The teachable moments in interpretation

Thanks to Tom DeWolf, I saw that The Washington Post recently did a story on Colonial Williamsburg and its historic interpretation. The article was written by Rachel Manteuffel and it described her experience visiting what some consider the mecca of historic sites. I’m utterly fascinated because Colonial Williamsburg was a place I visited as a child, a case study in my Masters Thesis and just as an interpreter, a cool place. So it doesn’t take much for me to get into her story.

She gives a brief history of how the Williamsburg you experience today came about but most telling, which was something I did not discover (nor really delve into with my thesis) was that in the 40s, the Colonial Williamsburg Foundation was employing African Americans to represent the slaves. Immediately I’m thinking, “wow, thought that just came about in the 1970s”. Then I read further and she states, “Through the 50s, the costumed employees lived in segregated dorms, and black visitors had only one designated day a week to tour the historic area.” This completely blew my mind.

For all the Civil Rights commemorations I worked on the past year, you would think that my mind would automatically register, this is the 50s, and life wasn’t so sweet for African Americans. NEVER CROSSED MY MIND. Somehow, and I don’t know why, I never thought of historic sites as places that would well, conform to the norms of society and participate in such activities. Nevertheless I thought it was interesting. Didn’t change my opinion of the place, I still think it’s great. But as a public historian, and an interpreter of the enslaved experience, kind of boggled my mind.

So I get out of my moment of ‘ignorance is bliss’ and get to the heart of Rachel’s experience. Before I get there though, let me point out that the mission of CW is to provoke people to think about citizenship, and really, that’s what all historic sites who cover slavery should strive to do. You really want your visitor to think about the quest for independence and freedom and how IRONIC that while one group is fighting for freedom, they in turn are denying another group that same right. Anyway….

So her experience outlines what I think a lot of people feel when going to a site where first person is the favored interpretive method. With first person interpretation, you are essentially acting a role. You become one with the character, you ARE the character and nothing can break you of that identity. The visitor however may not be aware that as an interpreter, you cannot break your role. It may kill the experience for them.  So when she encounters Wil , a slave, portrayed by interpreter Greg James, she becomes an unknowing 2nd person interpreter and is drawn into his interpretation. Needless to say he leaves her wanting to help him and really feeling for this particular slave.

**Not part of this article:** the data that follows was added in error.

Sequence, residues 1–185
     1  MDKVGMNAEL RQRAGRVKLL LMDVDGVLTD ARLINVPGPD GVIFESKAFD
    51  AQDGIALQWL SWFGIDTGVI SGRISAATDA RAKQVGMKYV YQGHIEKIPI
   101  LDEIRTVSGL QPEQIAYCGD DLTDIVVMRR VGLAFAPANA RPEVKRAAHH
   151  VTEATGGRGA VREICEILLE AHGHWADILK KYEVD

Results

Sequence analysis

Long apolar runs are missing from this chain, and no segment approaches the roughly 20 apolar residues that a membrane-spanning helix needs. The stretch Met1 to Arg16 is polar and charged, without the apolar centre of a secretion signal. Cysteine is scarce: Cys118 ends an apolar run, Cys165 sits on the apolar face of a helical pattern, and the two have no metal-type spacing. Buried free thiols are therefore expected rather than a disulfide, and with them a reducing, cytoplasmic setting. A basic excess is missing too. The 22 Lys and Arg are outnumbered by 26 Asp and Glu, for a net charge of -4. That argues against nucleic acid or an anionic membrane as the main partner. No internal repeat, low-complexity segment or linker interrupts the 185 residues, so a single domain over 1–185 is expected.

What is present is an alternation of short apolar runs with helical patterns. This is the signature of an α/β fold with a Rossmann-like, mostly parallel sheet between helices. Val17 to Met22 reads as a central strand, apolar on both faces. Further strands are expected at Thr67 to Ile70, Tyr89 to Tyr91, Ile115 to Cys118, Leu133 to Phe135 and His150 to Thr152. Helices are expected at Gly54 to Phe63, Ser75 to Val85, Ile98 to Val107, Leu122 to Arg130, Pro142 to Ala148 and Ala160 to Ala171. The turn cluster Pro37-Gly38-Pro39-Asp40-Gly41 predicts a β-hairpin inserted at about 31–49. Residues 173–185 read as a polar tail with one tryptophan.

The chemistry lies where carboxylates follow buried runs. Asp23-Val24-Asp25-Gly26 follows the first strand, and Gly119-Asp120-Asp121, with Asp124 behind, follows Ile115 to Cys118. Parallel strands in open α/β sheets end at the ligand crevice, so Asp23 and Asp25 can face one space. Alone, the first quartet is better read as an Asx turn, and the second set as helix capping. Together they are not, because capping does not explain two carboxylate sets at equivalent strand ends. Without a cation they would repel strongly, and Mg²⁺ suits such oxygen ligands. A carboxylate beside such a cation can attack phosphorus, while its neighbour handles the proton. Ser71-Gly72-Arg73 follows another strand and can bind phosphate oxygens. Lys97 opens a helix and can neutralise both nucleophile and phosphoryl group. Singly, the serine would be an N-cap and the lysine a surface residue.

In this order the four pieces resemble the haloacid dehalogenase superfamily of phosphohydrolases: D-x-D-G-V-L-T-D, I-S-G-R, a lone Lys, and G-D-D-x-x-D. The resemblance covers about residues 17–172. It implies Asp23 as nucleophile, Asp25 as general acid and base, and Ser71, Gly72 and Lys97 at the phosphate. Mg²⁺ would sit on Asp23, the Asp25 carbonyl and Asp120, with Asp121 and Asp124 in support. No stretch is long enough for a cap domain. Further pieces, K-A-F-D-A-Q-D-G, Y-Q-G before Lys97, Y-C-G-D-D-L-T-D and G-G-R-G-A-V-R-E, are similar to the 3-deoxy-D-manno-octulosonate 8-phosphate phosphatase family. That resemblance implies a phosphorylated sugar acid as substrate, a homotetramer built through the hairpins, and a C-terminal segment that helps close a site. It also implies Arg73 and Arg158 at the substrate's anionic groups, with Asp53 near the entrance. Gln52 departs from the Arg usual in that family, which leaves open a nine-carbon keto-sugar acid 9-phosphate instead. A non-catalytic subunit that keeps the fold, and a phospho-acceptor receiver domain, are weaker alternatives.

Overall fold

The beauty that I found in this whole exchange that she has with him is that there was a teachable moment there. Rachel stated that “somehow…I had imagined that if I had lived here in the 1700s, being nice, being me, having the conviction that slavery was wrong would make a friendship with someone like Wil possible”. There is the “Aha!” moment that interpreters like me strive for with visitors. Especially when interpreting slavery.

You don’t want your visitor to walk away and say what a shame it is that this person is portraying a slave or how awful this happened now and then forget. As an interpreter, you want your audience to walk away thinking about what they just saw, heard or experienced. You want them to put themselves into the historical context of the moment and realize what it was like. To have a visitor walk away and say, I would have helped the slave escape or I would have been nice and bought slaves so I could free them (true comment I had from a student, bless them), their mind is working. But then to have the thought, even if I did those things, would it truly make a difference? Would I risk my own freedom? Would I possibly risk my life or the lives of my family to help this individual out? be brought to their consciousness you really begin to see what interpretation is about.

It’s not so much about the edutainment of it all, which Williamsburg does provide with the theatrical performances, but it’s about the thought provoking experience and the knowledge that you made someone think about what you said or did. To me, that’s what it’s really like to be an interpreter.

To read Rachel Manteuffel’s article, click here. To see corresponding NPR interview with Ms. Manteuffel and Greg James click here


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